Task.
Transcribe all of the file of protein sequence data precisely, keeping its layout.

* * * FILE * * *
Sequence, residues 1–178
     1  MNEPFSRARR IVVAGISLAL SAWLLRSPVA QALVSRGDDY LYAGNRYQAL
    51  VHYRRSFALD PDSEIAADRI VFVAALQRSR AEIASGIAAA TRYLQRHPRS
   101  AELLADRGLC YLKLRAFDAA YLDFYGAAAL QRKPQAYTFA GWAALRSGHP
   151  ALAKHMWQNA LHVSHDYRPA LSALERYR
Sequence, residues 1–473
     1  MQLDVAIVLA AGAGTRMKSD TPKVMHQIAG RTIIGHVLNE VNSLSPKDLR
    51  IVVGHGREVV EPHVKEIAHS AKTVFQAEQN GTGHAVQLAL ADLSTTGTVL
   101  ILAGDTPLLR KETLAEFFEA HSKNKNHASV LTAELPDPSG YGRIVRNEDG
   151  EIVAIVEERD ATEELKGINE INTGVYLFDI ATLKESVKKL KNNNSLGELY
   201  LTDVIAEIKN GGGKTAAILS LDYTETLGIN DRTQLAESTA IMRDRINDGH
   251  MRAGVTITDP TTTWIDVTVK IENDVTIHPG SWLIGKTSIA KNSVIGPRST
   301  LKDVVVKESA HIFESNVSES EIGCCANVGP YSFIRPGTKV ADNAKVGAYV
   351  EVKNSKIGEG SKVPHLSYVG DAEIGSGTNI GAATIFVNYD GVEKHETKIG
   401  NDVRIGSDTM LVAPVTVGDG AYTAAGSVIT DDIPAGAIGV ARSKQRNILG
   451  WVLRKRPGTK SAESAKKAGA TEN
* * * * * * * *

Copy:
Sequence, residues 1–178
     1  MNEPFSRARR IVVAGISLAL SAWLLRSPVA QALVSRGDDY LYAGNRYQAL
    51  VHYRRSFALD PDSEIAADRI VFVAALQRSR AEIASGIAAA TRYLQRHPRS
   101  AELLADRGLC YLKLRAFDAA YLDFYGAAAL QRKPQAYTFA GWAALRSGHP
   151  ALAKHMWQNA LHVSHDYRPA LSALERYR
Sequence, residues 1–473
     1  MQLDVAIVLA AGAGTRMKSD TPKVMHQIAG RTIIGHVLNE VNSLSPKDLR
    51  IVVGHGREVV EPHVKEIAHS AKTVFQAEQN GTGHAVQLAL ADLSTTGTVL
   101  ILAGDTPLLR KETLAEFFEA HSKNKNHASV LTAELPDPSG YGRIVRNEDG
   151  EIVAIVEERD ATEELKGINE INTGVYLFDI ATLKESVKKL KNNNSLGELY
   201  LTDVIAEIKN GGGKTAAILS LDYTETLGIN DRTQLAESTA IMRDRINDGH
   251  MRAGVTITDP TTTWIDVTVK IENDVTIHPG SWLIGKTSIA KNSVIGPRST
   301  LKDVVVKESA HIFESNVSES EIGCCANVGP YSFIRPGTKV ADNAKVGAYV
   351  EVKNSKIGEG SKVPHLSYVG DAEIGSGTNI GAATIFVNYD GVEKHETKIG
   401  NDVRIGSDTM LVAPVTVGDG AYTAAGSVIT DDIPAGAIGV ARSKQRNILG
   451  WVLRKRPGTK SAESAKKAGA TEN